There are at least 40 wineries there – astounding growth, if you consider that the first two vineyards were only planted in 1996, taking advantage of the county’s mineral-rich clay and limestone soil. There are also growing numbers of cider companies, craft brewers, cheese-makers and restaurants rounding out this award-winning wine and culinary destination.
My simple plan is to sip, spit and sample my way along a conveniently-mapped ‘Taste Trail’ – starting at Three Dog Winery, not far from the racetrack.
Tourism used to be a summertime affair, but now most wineries stay open from late March through early December, when the vines get buried for winter, explains vintner Sacha Clarke-Squair, as we sit with her husband John Clarke on Muskoka chairs, enjoying the late-afternoon sunshine.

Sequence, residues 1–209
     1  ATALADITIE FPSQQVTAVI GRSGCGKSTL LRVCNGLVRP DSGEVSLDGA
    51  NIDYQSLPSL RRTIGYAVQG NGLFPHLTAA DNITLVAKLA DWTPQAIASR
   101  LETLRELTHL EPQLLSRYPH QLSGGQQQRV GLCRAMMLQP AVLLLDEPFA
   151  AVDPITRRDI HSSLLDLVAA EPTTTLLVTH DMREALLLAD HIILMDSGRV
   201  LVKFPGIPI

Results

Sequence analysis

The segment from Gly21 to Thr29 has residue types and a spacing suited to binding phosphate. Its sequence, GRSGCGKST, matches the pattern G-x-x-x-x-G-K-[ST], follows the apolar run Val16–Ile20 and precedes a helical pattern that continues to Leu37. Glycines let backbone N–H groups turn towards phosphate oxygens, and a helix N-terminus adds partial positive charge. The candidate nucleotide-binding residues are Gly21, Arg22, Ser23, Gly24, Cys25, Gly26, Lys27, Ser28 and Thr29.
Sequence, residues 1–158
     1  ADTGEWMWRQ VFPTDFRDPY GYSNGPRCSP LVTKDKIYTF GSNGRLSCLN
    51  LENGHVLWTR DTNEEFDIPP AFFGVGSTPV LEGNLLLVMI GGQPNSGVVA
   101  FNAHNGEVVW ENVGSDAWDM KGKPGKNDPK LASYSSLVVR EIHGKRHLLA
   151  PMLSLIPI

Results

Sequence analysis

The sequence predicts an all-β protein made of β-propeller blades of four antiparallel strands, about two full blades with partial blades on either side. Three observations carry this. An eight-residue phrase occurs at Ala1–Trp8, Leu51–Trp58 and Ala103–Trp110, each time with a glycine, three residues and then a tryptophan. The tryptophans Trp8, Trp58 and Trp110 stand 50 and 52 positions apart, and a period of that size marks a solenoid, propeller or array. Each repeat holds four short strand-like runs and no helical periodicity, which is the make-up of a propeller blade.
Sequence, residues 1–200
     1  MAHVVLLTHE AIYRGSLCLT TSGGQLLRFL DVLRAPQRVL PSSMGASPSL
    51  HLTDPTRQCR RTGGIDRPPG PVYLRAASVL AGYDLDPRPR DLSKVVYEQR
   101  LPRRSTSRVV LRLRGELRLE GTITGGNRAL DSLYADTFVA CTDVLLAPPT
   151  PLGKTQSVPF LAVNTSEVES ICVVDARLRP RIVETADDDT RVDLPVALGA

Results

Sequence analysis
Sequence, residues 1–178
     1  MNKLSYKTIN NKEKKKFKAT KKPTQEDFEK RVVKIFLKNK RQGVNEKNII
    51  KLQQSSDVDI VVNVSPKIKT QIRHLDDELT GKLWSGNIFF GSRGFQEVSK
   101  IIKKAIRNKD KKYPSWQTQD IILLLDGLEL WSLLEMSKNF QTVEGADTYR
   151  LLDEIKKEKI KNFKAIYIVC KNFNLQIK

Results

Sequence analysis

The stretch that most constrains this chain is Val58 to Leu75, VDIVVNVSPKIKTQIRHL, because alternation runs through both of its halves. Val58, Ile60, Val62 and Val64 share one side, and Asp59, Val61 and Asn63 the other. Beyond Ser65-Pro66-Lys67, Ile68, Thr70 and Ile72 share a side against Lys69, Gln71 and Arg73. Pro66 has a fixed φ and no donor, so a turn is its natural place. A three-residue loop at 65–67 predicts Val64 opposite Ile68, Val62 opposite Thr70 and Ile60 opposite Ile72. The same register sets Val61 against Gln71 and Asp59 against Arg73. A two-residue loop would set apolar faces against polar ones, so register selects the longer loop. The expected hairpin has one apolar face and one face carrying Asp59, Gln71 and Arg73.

I’ve booked a room at a pretty Victorian stay, Angeline’s, in Bloomfield. A separate 1870s white cedar-planked cabin-for-two is already taken – Justin Trudeau and Sophie Grégoire Trudeau had nabbed the coveted reservation the week earlier. But I get the next best thing: a suite with a formal parlour decorated as a fusion of antiques and vintage finds.
Dinner is at the inn’s restaurant, The Hubb. Owners Eliot Reynolds and Laura Borutski had honed their skills (he as chef, she as sommelier and front-of-house) at the Fairmont Whistler before returning to Reynolds’ hometown. My meal is perfectly executed. The roasted lake trout with zucchini and preserved lemon, and lobster mayo, is a tiny explosion of different flavours.